Infographic: The True Cost of Fracking

Well pads along Little Missouri River in Billings, North Dakota.
Well pads along Little Missouri River in Billings, North Dakota.

By Sophie Bell-Rhone

Fracking is one of those issues that divides opinion and inflames debate with such ferocity that it can be difficult to draw any reliable conclusions. Anyone who is engaged even fleetingly by environmental and economic concerns cannot help but pick up on the controversy of this emerging drilling technique. It’s nobody’s place to tell us what to think, but a keen look at fracking from both sides of the argument can prove an eye-opener.

The fact is: Humankind has frittered away its non-renewable energy resources, and it will take a wealth of invention if we are to progress without prices or the toll on the environment getting out of hand.

Proponents of fracking — high-volume hydraulic fracturing, to give the technique its full name – paint a picture of ‘transparent gold,’ with the aggressive mining technique able to extract billions of cubic feet of natural gas per day. Alongside a hefty oil haul, this points to a $231 billion windfall for the U.S. economy by 2035. As well as accounting for half of U.S. energy needs, an estimated 1.6 million jobs will be created. Taken by themselves, these statistics give a rosy view of the future of fracking.

However, the very environmental short-sightedness that has brought us to the brink of an energy crisis is exactly the kind of warning we should pay heed to before pursuing an aggressive new mining technique.

Fracking involves drilling deep into the ground and bombarding the sedimentary rock below with high volumes of water in order to dislodge gas or oil. Predictably, such an approach is not kind on nature: 7 million gallons of water may be used for each well, with over 30 percent of that water lost. Groundwater can become contaminated, greenhouse gas emissions are claimed to be higher than conventional techniques, and pollutants such as arsenic, cadmium and lead (among others) are released into the ecosystem. Most dramatically, the threat of earthquakes seems to rise with the use of fracking – there were 659 earthquakes in the U.S. with a magnitude greater than 3 in 2014, more than six times the total of the four preceding years combined.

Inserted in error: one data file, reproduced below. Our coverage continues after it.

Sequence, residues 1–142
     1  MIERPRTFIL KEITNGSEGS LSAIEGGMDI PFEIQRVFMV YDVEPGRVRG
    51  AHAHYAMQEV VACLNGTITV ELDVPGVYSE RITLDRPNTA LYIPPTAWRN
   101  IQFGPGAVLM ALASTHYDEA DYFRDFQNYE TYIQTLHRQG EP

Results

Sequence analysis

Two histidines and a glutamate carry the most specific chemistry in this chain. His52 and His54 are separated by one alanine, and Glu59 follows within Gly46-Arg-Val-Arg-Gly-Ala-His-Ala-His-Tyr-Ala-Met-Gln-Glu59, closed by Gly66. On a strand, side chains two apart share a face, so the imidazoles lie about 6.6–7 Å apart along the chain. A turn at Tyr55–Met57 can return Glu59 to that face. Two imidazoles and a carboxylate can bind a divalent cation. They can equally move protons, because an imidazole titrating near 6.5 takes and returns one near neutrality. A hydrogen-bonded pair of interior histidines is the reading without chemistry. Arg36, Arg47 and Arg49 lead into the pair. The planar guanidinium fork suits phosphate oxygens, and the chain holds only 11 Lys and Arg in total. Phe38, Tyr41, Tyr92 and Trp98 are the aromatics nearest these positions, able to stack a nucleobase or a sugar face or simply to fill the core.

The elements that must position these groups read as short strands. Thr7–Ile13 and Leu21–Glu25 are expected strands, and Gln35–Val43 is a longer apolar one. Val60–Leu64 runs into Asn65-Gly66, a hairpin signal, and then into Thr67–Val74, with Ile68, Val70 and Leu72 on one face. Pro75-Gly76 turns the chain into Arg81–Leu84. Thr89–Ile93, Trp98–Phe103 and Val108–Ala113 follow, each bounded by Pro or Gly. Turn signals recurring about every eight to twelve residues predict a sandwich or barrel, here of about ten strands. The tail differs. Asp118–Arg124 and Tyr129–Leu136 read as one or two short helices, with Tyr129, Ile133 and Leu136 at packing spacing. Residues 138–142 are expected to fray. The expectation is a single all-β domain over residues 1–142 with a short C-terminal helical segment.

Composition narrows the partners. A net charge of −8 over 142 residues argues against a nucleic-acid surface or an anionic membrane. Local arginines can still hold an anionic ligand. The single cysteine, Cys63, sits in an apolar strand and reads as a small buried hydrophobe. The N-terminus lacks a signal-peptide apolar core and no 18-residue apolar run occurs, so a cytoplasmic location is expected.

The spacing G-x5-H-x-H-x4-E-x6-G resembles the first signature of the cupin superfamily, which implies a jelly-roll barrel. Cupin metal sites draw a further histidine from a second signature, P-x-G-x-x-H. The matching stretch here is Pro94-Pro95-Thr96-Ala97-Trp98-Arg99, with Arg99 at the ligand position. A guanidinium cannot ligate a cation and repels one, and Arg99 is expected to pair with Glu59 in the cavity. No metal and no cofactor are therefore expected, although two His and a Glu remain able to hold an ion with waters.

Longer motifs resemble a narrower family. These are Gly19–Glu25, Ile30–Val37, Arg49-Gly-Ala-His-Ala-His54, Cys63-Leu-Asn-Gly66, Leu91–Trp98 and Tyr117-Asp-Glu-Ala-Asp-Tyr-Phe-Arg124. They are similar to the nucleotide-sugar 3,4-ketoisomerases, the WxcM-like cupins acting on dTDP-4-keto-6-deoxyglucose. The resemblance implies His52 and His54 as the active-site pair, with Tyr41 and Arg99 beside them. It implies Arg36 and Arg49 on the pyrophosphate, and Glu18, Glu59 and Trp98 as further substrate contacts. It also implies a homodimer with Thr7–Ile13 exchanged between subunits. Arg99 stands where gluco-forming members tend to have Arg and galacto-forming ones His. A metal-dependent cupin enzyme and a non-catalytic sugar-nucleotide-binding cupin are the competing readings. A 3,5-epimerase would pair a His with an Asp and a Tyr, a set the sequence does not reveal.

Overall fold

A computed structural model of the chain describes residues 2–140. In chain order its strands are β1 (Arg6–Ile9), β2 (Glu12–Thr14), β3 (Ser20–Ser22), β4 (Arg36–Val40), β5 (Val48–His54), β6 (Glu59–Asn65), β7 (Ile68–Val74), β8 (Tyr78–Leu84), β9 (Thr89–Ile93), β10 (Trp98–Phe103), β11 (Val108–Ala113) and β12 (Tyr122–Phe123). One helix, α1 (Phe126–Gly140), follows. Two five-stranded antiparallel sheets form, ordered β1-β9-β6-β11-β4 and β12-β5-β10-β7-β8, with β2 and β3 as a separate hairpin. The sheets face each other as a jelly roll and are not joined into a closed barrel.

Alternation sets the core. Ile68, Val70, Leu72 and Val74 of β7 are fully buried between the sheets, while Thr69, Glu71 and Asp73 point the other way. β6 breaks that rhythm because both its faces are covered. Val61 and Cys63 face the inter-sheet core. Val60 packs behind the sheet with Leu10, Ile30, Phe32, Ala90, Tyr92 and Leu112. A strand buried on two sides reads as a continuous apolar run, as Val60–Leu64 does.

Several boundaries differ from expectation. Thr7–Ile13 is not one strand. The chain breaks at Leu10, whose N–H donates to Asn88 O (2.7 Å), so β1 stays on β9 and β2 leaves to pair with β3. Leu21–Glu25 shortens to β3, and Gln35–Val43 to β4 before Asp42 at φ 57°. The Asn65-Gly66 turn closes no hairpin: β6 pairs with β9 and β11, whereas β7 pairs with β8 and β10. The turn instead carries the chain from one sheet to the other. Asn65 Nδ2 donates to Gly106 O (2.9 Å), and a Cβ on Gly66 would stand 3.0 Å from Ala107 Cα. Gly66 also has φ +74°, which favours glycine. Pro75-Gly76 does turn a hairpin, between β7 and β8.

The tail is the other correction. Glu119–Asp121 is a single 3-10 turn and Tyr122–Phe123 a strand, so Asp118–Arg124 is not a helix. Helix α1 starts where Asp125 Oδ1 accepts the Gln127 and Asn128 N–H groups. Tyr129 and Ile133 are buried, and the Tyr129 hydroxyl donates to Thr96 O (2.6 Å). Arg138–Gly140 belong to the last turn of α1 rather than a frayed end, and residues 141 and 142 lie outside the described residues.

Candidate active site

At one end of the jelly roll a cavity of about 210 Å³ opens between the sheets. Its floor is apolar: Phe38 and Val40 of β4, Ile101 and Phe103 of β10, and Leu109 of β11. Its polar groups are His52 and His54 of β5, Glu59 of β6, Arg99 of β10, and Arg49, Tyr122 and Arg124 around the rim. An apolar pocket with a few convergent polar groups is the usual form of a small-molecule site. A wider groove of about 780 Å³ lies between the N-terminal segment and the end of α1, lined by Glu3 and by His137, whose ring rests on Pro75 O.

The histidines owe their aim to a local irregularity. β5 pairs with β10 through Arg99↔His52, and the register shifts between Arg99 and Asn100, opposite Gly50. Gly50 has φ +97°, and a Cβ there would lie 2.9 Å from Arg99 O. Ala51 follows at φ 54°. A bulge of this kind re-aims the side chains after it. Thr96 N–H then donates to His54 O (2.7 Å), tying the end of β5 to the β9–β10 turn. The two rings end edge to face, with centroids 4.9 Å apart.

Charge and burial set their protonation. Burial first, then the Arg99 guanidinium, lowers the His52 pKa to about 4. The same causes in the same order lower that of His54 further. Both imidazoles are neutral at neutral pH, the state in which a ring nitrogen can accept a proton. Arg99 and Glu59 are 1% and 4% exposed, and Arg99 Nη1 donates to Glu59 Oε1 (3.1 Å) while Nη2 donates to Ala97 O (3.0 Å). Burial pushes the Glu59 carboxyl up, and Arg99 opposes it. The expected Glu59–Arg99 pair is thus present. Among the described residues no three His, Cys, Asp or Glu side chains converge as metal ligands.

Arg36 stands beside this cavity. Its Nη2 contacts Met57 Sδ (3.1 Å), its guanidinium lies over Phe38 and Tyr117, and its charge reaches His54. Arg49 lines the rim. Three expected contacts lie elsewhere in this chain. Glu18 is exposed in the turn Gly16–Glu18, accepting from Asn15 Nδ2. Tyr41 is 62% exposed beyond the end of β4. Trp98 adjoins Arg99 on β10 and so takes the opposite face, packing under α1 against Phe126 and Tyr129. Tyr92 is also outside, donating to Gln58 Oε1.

This would make for shocking reading even in light of the economic benefits outlined above. But when those figures are offset by the fact that each well can see up to a 90 percent drop in its production in the first year, or that the fracking industry needs to make at least double the price per barrel of regular oil in order to break even, the outrage expressed by the anti-fracking movement feels increasingly justified.

To make up your mind for yourself, run your eyes over this new infographic, which outlines the statistics both ‘for’ and ‘against’ the further development of the fracking industry.

the-true-cost-of-fracking-DV3

Image credit: Flickr/NPCA Photos

Infographic courtesy of 911Metallurgist

Sophie Bell-Rhone is digital PR lead for NeoMam Studios, a content marketing agency.

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One response

  1. This graphic is a carefully designed marketing strategy. The information was selected and presented in a way to sway opinion. It does a good job getting facts to the reader. Like many marketing campaigns, this graphic is supported by an interest group with a specific agenda, in this case an anti-fracking agenda. Therefore, the interest group is selecting and presenting information to support – not harm – their ability to spread their agenda. I laud the attempt to get facts to the public, but this is a bias article and message. Information anti-fracking interests do not select and present is how fracking and natural gas can substantially reduce emissions in a world which emissions continue to rise. Between 2005 and 2013, carbon emissions from the power sector declined by 15 percent in the United States, something no modern economy has achieved in decades. Two factors mainly contribute to this decline: the economic recession and cheap natural gas displacing coal power plants. (https://www3.epa.gov/climatechange/Downloads/ghgemissions/US-GHG-Inventory-2014-Chapter-2-Trends.pdf). Nobody wants to return to a United State’s powered by coal. Until this country – and world – achieves innovations in zero-carbon technologies such as renewables and nuclear and energy storage, the public should embrace a cheap and cleaner alternative to coal because of its ability to mitigate climate change. I am sympathetic to the localized, negative impacts of natural gas production but I keep my attention toward solutions that help solve climate change – the greatest modern threat to human society – and fracking and natural gas combustion is one solution. I encourage the media to be objective, diligent, and accountable when reporting on this very important topic.

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